EFTAG response to draft Cycling Action Plan

Epping Forest Transport Action Group
www.eftag.org.uk/cycling/
cycling@eftag.org.uk

Essex Cycling Strategy Leader
Highways, Ringway Jacobs
Essex County Council
Victoria House
101-105 Victoria Road
Chelmsford CM1 1JR

6 September 2017

Epping Forest Cycling Action Plan — response to draft plan

Preface

Epping Forest Transport Action Group (EFTAG) campaigns for better public transport and safer streets in Epping Forest. We want safer cycling facilities for all kinds of people on bikes, working with others to promote this healthy, convenient and cost-effective form of transport. We are working for a better cycling environment across the district: for getting to shops, schools or work, as well as for leisure cycling in and around the ancient forest. Routes should be suitable for all ages and abilities, for cargo bikes (for instance parents transporting kids) and for cyclists with disabilities.

The draft referred to here was distributed August 2016 and our copy is available at https://drive.google.com/file/d/0B_T5wJCu5Yp2QkFNWnlPM0tad2c/view?usp=sharing.

1 – Introduction

1-1 Epping Forest Transport Action Group (EFTAG) welcomes Epping Forest District Council’s draft Cycling Action Plan (CAP). Recognition of the potential for cycling – in the district’s economic success, and in the health of its citizens – is long overdue.

1-2 Whilst we do not agree with all of the proposed infrastructure improvements, especially in some of the details, we are confident that this draft plan can be developed into a realistic blueprint for the future, particularly if attention is given to the CAP as and when other highways work is planned and executed.

1-3 It should be made clear that the CAP will be regularly updated (e.g. at least every 3 years) to account for progress made, and to ensure its proposals meet current best practice and national policy.

2 – Policy Review

2.2-1 The Highways Agency (HA) have published recommendations for building cycle infrastructure [HA 2016  http://www.standardsforhighways.co.uk/ha/standards/ians/pdfs/ian195.pdf]: although this is targetted at the strategic road network specifically, these design requirements would be relevant to many rural roads in Essex and could be referenced.

2.2-2 UK government policy is to encourage the introduction of 20mph speed limits [Dept for Transport circular, 2013 https://www.gov.uk/government/uploads/system/uploads/attachment_data/file/63975/circular-01-2013.pdf]. The 2016 TSRGD makes these cheaper to install and we would expect these to be a part of any plan to encourage active travel in the district. This should be referenced.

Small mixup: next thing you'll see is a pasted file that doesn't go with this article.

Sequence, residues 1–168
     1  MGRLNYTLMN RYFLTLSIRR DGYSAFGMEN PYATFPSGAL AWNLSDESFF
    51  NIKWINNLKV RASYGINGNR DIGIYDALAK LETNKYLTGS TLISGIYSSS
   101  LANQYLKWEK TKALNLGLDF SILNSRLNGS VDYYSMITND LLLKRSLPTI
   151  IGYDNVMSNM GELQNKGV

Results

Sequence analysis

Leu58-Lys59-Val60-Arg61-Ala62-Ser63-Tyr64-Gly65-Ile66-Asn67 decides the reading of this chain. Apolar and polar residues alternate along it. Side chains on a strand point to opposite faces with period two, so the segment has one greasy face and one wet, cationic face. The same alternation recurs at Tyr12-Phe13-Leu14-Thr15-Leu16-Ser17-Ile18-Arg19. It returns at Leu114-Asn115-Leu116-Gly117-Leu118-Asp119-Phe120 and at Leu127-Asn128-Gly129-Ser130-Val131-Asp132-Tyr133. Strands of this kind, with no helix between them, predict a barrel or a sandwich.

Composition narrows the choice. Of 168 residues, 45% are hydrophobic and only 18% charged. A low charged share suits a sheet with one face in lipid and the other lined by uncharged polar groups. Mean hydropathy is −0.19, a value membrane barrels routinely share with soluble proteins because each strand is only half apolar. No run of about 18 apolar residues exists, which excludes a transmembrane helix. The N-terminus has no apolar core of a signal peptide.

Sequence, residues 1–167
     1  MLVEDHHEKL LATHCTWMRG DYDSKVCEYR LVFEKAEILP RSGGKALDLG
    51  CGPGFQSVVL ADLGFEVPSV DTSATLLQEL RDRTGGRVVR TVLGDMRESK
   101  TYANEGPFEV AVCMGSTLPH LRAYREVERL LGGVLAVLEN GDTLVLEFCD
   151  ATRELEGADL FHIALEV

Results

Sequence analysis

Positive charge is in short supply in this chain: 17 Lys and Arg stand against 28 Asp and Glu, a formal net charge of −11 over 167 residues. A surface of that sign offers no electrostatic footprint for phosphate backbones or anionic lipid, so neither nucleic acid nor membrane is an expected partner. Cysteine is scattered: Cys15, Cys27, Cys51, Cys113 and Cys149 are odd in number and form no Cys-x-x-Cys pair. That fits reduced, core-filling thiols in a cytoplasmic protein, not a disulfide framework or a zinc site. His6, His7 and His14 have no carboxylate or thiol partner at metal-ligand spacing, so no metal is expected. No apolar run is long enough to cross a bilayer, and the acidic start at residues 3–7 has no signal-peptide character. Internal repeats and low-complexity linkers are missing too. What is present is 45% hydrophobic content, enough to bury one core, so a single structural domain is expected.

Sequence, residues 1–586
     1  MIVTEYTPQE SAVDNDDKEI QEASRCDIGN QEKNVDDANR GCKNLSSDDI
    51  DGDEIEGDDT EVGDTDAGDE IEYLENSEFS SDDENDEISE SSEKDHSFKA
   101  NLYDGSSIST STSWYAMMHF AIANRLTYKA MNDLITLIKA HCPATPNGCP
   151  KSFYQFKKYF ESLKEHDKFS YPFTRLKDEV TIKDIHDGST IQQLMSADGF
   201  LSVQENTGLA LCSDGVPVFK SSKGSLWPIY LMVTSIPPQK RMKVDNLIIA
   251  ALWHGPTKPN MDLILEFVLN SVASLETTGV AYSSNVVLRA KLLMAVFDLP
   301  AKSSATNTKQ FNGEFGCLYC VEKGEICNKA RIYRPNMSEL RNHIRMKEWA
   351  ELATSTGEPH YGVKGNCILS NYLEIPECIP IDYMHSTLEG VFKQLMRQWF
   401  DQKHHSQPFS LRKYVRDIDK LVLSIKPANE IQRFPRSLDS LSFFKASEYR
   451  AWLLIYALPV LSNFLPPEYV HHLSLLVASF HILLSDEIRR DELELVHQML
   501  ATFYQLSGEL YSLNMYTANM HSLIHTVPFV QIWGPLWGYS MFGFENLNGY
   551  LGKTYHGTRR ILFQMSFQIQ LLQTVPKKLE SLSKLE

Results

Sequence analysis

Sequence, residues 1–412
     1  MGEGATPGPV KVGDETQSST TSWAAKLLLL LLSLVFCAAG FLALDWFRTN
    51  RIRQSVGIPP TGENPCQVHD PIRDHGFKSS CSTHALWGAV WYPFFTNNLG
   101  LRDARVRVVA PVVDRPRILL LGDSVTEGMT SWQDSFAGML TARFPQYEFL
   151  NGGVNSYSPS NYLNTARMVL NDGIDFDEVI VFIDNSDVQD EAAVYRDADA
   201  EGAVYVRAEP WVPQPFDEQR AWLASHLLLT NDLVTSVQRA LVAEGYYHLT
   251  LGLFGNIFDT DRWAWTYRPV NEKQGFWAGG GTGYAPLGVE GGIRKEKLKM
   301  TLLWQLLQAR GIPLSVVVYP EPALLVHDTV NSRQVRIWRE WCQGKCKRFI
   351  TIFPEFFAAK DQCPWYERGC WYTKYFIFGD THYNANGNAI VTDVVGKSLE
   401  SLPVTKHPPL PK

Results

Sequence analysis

2.2.2-1 There should be a commitment to develop a Local Cycling and Walking Infrastructure Plan (LCWIP) for Epping Forest, either to complement or to replace the CAP.

2.3-1 The “Regional Policy Context” does not mention the Essex Cycling Strategy (ECS) [Essex County Council 2016 http://www.essexhighways.org/Getting-Around/cycling/cycle-strategy.aspx]. Reference solely to the 2011 Transport Strategy is (with regards cycling) out of date, as the ECS is (now) a published policy of the Council.

2.3-2 The ECS aspires to “Continental Standard” infrastructure, which is largely absent from the proposals here. Reference should be made to other relevant, and specific, UK standards, such as the London Cycling Design Standards [TfL 2016 https://tfl.gov.uk/corporate/publications-and-reports/streets-toolkit#on-this-page-2], in recognition of this ECC policy.

2.3-3 The ECS says that “a cycling design reviewer [should] ensure all cycle infrastructure designs are of appropriate/consistent standard”: the CAP should ensure that all significant highways projects in the district are required to account for cycling, and thus are subject to this review.

3.4 DfT Count Data

3.4-1 In this section, improvements to the A104 in Buckhurst Hill are largely rejected in favour of quiet routes through the forest and then Roebuck Lane / North Farm (schemes 9 and 14.2). Whilst the latter are valuable routes, they do not help with connections to the London Cycle Network in Woodford Green, and make no impact on leisure cycling into the District towards Epping, which undoubtedly contribute to the flows observed and should be encouraged.

3.6 Collision Clusters

3.6-1 With regards collisions in Pyrles Lane / Hillyfields, the existing scheme, which has a large speed table, would appear to demonstrate that the ‘Hackney-style’ / shared-space approach does not work. The junction and adjacent roads is unpleasant for cyclists and often  hard to cross on foot. For a “Quietway” approach to be successful, the number of motor vehicle movements would need to be significantly reduced (i.e. the road would actually have to be quiet, which it clearly is not). It seems very unlikely that any of the roads leading to that junction could be filtered. If mention of the Hackney-style approach is retained here, it would need to be accompanied by clear evidence showing how any such scheme (absent a modal filter to actually affect flows and create a quiet route) has ever improved safety.

3.6-2 TfL-commissioned research [International Cycling Infrastructure Best Practice Study http://content.tfl.gov.uk/international-cycling-infrastructure-best-practice-study.pdf] notes that “key to the success of a bicycle street [Dutch/German ‘Quiet Street’ equivalent] is for traffic speeds and volumes to be relatively low, and cycle volumes to be relatively high”, and that does not seem to be applicable here at all.

3.6-3. We are encouraged by the mention of dedicated space for cycling in this area, but it is important to note that separated space for cycling is most needed at junctions, as this is where most collisions actually occur. Separation on the approach, but not at the junction itself, could offer extremely poor return on investment, i.e. most of the costs of a good cycling scheme, but none of the benefits.